Adriana Gavozdea started a new life in America in Tigard, an area in the suburbs of Portland. Originally from Târnăveni, Târgu Mureș, she rose just like a Phoenix from the ashes. In 2011, she came to America after sad circumstances. She arrived with the four-year-old girl, $200 in her pocket and without knowing how to speak English.
Eight years later, Adriana became CEO and founder of the www.LariaCareFinder.com Platform, a member of the Board of Directors of the Oregon Association of Care Home Providers, and now lobbies with Oregon State Governor, Kate Brown, on behalf of senior citizens.
„I divorced my husband because he was physically and mentally abusive,” Adriana tells me. I left Romania 8 years ago to visit my parents after my divorce and later on I decided to stay. They came here a long time ago with the visa lottery. Since then, I have been a great advocate for domestic violence.
When you go through such a situation, you live in a fog, your aggressor always tells you that there is no life if you leave him, that you are finished, or dead, that there is nothing left if you leave. I am a living example that there is another perfect life after divorce and you just have to take the necessary steps to get out of this vicious circle.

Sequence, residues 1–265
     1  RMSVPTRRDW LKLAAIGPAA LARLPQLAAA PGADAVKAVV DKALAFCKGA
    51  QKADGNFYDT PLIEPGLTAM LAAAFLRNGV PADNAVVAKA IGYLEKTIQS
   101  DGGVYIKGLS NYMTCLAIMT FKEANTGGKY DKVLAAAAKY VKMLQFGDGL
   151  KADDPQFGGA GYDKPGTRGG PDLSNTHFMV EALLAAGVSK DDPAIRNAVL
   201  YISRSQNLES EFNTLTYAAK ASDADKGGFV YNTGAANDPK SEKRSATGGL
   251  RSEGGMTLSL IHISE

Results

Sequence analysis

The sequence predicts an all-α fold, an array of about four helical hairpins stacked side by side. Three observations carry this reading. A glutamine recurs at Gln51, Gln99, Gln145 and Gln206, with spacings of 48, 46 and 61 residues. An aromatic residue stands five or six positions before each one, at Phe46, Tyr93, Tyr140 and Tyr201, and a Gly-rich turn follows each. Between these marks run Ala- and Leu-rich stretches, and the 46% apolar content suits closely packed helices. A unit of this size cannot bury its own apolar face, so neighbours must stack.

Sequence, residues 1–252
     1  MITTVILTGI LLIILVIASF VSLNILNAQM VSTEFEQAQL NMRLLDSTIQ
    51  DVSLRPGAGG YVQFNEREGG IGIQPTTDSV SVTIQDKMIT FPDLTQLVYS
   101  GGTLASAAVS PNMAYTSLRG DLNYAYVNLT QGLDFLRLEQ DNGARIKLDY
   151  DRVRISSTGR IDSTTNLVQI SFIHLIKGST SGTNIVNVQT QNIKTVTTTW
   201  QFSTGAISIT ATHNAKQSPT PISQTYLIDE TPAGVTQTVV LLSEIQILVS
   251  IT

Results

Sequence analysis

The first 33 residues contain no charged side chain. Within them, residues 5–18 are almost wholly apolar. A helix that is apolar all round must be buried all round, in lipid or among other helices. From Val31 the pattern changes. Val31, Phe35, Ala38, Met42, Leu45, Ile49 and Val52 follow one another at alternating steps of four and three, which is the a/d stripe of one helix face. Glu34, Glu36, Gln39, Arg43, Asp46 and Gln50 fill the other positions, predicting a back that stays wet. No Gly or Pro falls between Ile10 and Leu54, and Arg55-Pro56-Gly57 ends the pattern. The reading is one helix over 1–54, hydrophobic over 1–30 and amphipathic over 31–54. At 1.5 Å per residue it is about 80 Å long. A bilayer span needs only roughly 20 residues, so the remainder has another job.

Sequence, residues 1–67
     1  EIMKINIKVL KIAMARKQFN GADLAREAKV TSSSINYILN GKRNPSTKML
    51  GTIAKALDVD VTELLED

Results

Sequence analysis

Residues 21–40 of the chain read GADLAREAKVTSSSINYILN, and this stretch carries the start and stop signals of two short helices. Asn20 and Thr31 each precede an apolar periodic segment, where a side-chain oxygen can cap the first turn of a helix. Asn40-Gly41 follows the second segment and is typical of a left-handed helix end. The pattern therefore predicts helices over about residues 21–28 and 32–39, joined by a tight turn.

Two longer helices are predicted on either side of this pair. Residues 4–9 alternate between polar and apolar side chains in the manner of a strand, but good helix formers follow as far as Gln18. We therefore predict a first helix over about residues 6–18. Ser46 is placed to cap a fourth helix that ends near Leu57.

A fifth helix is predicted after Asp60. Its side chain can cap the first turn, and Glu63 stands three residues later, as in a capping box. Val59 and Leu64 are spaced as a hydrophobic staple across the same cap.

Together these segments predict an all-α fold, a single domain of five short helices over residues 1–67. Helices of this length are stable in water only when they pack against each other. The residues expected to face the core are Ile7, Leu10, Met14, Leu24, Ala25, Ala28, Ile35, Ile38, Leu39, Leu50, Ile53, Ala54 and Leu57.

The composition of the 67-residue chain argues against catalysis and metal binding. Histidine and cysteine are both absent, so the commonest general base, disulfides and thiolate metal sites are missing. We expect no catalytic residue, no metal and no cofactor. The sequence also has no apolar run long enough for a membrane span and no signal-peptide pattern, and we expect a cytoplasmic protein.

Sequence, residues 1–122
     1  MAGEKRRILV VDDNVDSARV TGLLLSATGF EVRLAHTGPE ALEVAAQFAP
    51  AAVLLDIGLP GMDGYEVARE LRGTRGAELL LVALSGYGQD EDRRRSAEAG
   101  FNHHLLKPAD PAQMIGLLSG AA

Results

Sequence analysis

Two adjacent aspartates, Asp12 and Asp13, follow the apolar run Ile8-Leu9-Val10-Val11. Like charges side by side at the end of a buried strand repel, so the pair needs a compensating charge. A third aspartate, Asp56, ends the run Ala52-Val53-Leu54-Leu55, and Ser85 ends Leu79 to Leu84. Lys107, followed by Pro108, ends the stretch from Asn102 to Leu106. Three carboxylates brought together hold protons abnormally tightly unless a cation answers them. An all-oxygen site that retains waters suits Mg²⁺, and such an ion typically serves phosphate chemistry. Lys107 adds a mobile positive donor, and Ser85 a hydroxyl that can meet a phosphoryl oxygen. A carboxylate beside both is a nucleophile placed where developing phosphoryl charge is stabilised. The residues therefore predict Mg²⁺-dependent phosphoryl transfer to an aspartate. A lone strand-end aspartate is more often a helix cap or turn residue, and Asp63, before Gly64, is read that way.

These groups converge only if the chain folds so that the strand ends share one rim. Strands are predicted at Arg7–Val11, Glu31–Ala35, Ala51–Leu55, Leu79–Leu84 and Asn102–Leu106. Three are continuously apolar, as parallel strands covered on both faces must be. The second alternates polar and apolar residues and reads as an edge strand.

Whenever I hear a woman complaining about the same cause, I always tell them that there is life beyond an abusive marriage. There is a much better reality than what they are trying to teach you by telling you that you cannot survive without them. I started a new life in a new country.
I worked as a caregiver in elderly homes and last year I launched the company „Laria Care Finder”. I often attend business meetings with hospital directors and with people and companies in the American medical industry. And in the last seven months, I have met hundreds of extraordinary people I didn’t know before. It’s a different life!”
Irina VanPatten: What helped you get through this sad experience?
Adriana Gavozdea: For me, the most important thing was family support. When I was going through my divorce, it was very difficult for eight months because I was practically alone in Romania and my family was talking on the phone with me for five or six hours each day. I felt tremendous support from them. And now we live together because it is very important for me to raise my child with its grandparents and family, rather than hiring a babysitter whom I do not know. I consider myself very lucky from this point of view because I have other Romanian friends who came here without family and it is very difficult for them.
I.V: Why did you choose to become a caregiver?